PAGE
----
Manure gases, Methane
The effects of pH upon methane production from anaerobic digestion of dairy cattle manure were investigated. One liter digesters were maintained by daily adjustment at the following pH levels: 7.6, 7.0, 6.0, 5.5, and 5.0. After 33 weeks of incubation the working volume of the digesters was increased to 3 liters. Digesters were incubated on a rotary shaker at 37C. Digesters were loaded at the desired volatile solids concentrations, without an inoculum, and maintained from day one by daily additions and withdrawals to achieve a 3 day retention time. After 50 weeks of operation the manure from a second dairy was utilized as substrate. Active digestion was achieved at all pH levels except pH 5.0. Biogas production was evident in 4 to 6 days after incubation. Biogas production was highest at pH 7.0 with manure from both dairies (3.047 +- 0.403 liters per liter of digester per day with Dairy II manure and 1.43 +- 0.09 liters per liter per day with Dairy I manure). Methane production was also highest at pH 7.0 (1.43 +- 0.292 liters per liter of digester per day with Dairy II manure and 0.611+-0.057 liters per liter per day with Dairy I manure although the highest percentages of methane in the biogas occurred at pH 7.6 (65.9 +- 5.2 from Dairy I manure and 50.4 +- 4.6 from Dairy II manure). Dairy II manure produced significantly more biogas and methane at all pH levels. This increased production could not be attributed solely to differences in volatile solids concentrations of the two substrates. Total volatile acid concentrations were highest at the highest pH levels and were higher with Dairy II manure as a substrate. Digesters at all pH levels had volatile acid concentrations above 2000 mg/liter normally considered inhibitory for methane bacteria (2314-2890 mg/liter with Dairy I manure and 5.708-7.434 mg/liter with Dairy II manure).The results reported here indicate that stable methane digestion of dairy cattle manure can be established maintained at 37C with a 3 day retention time. Digestion at pH levels as low as 5.5 continued for periods up to 24 months without a failure. High levels of volatile acids did not cause digester failure. Characteristics of the manure have significant effects on biogas and methane production.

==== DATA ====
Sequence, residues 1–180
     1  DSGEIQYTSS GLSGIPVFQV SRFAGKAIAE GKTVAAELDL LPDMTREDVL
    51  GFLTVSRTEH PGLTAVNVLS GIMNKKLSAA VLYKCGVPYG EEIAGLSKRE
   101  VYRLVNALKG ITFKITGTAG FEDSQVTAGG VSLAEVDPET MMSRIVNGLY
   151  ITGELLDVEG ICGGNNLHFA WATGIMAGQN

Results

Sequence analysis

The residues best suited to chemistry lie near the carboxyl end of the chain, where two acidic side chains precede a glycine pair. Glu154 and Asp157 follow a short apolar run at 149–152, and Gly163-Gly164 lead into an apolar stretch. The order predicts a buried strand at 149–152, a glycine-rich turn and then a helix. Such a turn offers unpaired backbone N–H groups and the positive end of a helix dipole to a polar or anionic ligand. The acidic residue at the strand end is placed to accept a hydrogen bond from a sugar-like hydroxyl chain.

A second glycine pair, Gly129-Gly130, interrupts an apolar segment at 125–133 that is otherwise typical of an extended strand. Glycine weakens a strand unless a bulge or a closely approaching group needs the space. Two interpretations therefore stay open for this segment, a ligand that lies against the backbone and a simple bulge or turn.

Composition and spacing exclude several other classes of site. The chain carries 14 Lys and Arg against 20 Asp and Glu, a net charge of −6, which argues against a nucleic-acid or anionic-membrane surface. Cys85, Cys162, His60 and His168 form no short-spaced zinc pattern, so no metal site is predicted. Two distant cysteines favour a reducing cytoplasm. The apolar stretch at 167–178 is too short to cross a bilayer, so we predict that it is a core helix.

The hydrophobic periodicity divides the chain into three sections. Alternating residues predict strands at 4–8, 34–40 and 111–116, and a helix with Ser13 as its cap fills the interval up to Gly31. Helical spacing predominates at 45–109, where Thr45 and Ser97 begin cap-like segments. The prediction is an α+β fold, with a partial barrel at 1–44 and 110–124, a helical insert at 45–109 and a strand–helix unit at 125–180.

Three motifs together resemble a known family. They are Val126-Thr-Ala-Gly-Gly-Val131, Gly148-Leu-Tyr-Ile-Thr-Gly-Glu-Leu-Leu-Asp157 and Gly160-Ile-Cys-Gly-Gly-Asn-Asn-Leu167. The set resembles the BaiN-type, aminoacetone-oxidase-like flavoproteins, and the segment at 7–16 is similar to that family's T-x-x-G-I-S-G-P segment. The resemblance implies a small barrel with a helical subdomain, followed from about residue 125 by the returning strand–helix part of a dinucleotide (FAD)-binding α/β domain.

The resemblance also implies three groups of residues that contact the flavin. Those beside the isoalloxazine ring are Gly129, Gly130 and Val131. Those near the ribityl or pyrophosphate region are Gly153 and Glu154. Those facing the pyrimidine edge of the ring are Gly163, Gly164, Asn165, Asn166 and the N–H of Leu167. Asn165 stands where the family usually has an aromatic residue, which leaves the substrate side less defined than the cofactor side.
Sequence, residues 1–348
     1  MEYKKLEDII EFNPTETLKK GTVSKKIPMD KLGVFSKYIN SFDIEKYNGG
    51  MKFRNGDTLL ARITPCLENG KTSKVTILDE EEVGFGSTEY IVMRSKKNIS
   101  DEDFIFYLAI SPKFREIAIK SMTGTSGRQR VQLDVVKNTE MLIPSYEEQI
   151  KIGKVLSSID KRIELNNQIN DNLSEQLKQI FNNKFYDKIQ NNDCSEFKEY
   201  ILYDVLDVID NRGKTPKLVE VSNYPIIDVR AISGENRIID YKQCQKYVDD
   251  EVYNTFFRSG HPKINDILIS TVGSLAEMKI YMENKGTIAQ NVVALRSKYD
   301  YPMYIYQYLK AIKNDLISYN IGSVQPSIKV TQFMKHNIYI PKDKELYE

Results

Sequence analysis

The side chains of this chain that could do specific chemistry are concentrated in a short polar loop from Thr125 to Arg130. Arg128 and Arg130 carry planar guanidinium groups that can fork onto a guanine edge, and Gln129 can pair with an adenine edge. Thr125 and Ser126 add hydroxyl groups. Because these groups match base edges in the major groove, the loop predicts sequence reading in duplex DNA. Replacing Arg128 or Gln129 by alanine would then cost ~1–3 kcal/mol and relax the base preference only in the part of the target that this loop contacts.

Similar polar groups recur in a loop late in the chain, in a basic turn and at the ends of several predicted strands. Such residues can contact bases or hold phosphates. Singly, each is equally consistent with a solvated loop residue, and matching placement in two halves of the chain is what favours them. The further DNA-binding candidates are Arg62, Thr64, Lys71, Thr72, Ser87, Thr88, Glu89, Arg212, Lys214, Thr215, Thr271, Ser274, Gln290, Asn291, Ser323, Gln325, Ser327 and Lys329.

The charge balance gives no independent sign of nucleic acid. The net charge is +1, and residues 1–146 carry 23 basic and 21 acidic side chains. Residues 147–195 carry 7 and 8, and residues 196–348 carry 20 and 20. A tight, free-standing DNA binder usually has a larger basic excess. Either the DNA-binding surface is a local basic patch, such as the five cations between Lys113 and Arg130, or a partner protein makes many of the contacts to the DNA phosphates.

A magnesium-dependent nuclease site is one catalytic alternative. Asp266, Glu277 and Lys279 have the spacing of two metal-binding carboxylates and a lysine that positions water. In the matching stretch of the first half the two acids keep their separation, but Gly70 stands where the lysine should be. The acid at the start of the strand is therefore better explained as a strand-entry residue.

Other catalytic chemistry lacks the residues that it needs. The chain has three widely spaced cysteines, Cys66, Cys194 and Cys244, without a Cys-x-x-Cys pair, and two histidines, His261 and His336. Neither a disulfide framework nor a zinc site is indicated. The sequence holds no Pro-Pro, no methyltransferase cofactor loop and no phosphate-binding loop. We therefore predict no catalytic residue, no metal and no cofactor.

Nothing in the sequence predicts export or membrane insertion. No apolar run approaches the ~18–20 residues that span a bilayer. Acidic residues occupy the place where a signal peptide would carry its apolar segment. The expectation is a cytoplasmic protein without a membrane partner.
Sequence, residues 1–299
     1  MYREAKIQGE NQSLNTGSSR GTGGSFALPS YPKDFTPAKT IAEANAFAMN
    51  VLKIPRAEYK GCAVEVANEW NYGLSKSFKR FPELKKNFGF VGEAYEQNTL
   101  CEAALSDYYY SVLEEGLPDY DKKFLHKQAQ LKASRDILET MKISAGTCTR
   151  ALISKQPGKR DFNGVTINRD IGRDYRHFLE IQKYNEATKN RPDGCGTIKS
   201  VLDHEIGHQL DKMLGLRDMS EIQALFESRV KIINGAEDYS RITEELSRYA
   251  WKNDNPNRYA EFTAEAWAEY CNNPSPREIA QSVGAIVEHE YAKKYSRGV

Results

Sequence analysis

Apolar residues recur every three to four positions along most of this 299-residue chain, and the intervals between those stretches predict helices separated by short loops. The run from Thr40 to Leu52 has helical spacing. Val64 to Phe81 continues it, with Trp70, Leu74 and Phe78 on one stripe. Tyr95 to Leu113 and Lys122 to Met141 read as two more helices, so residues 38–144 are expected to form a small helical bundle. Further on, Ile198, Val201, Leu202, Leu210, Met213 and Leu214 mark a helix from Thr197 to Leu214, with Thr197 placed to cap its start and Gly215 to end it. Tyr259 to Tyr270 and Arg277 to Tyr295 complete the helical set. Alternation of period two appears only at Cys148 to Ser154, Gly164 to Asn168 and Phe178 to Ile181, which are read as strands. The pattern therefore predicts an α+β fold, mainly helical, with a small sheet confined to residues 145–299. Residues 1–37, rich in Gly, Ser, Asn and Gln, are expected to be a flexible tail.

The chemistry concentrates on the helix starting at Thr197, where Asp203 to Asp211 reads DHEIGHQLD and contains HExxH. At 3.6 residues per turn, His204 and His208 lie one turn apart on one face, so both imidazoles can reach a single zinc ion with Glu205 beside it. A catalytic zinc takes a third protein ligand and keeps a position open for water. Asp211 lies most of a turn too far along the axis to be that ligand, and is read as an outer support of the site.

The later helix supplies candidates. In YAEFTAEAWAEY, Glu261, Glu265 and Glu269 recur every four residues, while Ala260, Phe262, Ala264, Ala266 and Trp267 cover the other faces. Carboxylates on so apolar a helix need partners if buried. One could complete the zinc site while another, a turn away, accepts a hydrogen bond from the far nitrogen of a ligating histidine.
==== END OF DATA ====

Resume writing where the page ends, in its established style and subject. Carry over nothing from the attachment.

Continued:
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Wodzinski, Rudy J.
Master of Science (M.S.)
College of Arts and Sciences
Length of Campus-only Access
Masters Thesis (Open Access)
Stafford, Mary G., "The Effect of pH on Methane Production from Dairy Cattle Manure" (1982). Retrospective Theses and Dissertations. 659.